3 days popular7 days popular1 month popular3 months popular

Prolonged antibiotic use has no benefit for persistent symptoms of Lyme disease

Much uncertainty exists about the cause and treatment of persistent symptoms after a previous episode of Lyme disease. A large-scale study of 280 patients has shown that long-term treatment with antibiotics does not lead to better results than short-term treatment. This is the main conclusion of Radboud university medical center’s PLEASE study, which was published in the New England Journal of Medicine.

The PLEASE study is the first randomized study in Europe to examine the effects of long-term antibiotic use on chronic Lyme symptoms. The study was done because there is much uncertainty about the optimal treatment of people with persistent symptoms after a tick bite. It included 280 people with symptoms such as muscle and joint pain, fatigue and concentration problems. All of them were previously diagnosed with Lyme disease.

During the first two weeks, all participants were given the antibiotic ceftriaxon. Then they were divided into three groups. The first group was given the antibiotic doxycycline for 12 weeks, the second group was given a combination of the antibiotics clarithromycin and hydroxychloroquine, and the third group was given a placebo. The subjects were randomly allocated to the groups (randomized), and neither participants nor doctors knew who was in which group (double blind study). Professor of Medicine and Infectious Diseases Bart Jan Kullberg: “Before and after treatment, the participants completed questionnaires about their symptoms, their fitness level, quality of life and wellbeing. They repeated this after 26, 40 and 52 weeks. In addition, they took memory tests and used a pedometer to record their movement.”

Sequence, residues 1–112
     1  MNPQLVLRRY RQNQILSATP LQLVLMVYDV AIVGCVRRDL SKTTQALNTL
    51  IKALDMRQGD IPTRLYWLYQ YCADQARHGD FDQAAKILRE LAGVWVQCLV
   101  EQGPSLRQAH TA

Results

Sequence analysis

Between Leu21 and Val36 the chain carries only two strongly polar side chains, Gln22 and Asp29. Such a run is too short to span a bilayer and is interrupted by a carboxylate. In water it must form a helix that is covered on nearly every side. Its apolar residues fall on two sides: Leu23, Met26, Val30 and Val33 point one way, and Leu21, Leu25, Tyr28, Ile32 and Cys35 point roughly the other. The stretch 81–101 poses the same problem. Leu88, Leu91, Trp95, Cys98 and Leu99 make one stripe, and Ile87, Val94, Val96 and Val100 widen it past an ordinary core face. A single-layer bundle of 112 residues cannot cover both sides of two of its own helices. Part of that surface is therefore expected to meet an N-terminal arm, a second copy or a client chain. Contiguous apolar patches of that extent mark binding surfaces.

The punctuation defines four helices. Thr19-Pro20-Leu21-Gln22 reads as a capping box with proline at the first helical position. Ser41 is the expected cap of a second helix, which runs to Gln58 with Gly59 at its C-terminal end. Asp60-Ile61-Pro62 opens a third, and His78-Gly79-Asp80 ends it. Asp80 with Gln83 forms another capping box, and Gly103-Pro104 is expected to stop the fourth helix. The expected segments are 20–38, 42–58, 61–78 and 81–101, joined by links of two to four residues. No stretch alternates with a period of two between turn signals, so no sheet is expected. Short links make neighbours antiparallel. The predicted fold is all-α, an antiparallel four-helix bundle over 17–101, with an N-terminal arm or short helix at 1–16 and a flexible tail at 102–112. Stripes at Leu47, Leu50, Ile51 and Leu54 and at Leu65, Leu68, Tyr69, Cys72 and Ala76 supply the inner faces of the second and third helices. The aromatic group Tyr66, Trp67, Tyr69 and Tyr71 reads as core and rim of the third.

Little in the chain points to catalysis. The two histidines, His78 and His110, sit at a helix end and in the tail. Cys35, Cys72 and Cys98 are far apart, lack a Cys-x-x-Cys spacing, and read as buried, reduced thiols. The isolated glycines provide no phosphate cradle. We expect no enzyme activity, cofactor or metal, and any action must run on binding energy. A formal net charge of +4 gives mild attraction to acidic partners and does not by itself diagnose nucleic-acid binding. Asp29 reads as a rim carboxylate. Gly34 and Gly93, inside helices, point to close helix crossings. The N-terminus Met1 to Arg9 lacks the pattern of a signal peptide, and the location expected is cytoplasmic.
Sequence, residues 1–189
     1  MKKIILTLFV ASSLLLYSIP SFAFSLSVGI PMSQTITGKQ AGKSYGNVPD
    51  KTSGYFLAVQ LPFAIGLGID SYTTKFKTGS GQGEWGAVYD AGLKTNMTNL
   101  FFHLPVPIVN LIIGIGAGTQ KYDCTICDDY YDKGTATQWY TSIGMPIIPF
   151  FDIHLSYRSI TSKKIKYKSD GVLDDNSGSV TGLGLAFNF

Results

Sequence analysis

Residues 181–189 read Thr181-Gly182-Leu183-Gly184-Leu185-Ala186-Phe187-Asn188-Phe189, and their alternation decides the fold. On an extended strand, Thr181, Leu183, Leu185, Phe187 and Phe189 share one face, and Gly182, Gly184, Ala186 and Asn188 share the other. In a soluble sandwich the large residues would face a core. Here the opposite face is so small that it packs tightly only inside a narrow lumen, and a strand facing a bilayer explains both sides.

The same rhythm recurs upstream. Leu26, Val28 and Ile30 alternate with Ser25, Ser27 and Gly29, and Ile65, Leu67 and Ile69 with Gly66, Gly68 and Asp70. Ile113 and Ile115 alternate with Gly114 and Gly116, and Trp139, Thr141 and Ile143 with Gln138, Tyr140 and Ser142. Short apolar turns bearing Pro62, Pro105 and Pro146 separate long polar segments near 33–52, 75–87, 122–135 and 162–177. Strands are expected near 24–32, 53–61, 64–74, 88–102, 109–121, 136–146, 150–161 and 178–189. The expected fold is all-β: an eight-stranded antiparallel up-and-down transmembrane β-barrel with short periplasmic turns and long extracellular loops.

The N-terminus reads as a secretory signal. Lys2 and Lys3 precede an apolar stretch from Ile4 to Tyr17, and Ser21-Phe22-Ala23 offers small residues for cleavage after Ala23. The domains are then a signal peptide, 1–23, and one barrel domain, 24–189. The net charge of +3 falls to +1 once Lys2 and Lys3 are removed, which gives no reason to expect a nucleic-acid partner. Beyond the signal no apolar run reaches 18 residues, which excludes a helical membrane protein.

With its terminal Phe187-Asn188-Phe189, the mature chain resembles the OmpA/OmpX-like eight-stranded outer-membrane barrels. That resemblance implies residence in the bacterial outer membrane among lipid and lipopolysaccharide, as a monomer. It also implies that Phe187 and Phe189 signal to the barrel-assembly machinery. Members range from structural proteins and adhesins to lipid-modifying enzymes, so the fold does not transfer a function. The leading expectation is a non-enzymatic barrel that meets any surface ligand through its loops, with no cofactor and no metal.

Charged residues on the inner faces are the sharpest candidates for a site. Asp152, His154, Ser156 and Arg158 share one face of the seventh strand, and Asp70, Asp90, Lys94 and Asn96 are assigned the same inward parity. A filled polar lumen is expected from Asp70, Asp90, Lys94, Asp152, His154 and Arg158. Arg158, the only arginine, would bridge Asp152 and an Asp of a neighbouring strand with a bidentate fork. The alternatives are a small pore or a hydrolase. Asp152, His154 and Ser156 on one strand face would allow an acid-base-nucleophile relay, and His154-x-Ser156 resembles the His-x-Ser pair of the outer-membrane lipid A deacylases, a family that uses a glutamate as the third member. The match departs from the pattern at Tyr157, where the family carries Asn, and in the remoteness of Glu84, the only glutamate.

No clear differences between the three groups were observed at any of these time points. Kullberg: “Longer treatment is required for some forms of Lyme disease. However, based on the results reported by the participants themselves, we must conclude that long-term use of antibiotics does not help patients who previously had Lyme disease and continue to report unexplained, persistent symptoms. These patients need customized care, not just a prescription for antibiotics.”

Persistent Lyme symptoms

Lyme disease is caused by the bacterium Borrelia burgdorferi, which is transmitted by a tick. This disease is characterized by a red spot, the erythema migrans, which slowly increases in size. Only a small proportion of people with a tick bite actually develop Lyme disease. In many patients, the disease is cured completely by treatment with antibiotics lasting between ten days and four weeks. However, a few patients report persistent symptoms after treatment. In some cases, late onset of the disease can also occur if the infection is not detected at an early stage or if it is not treated with antibiotics.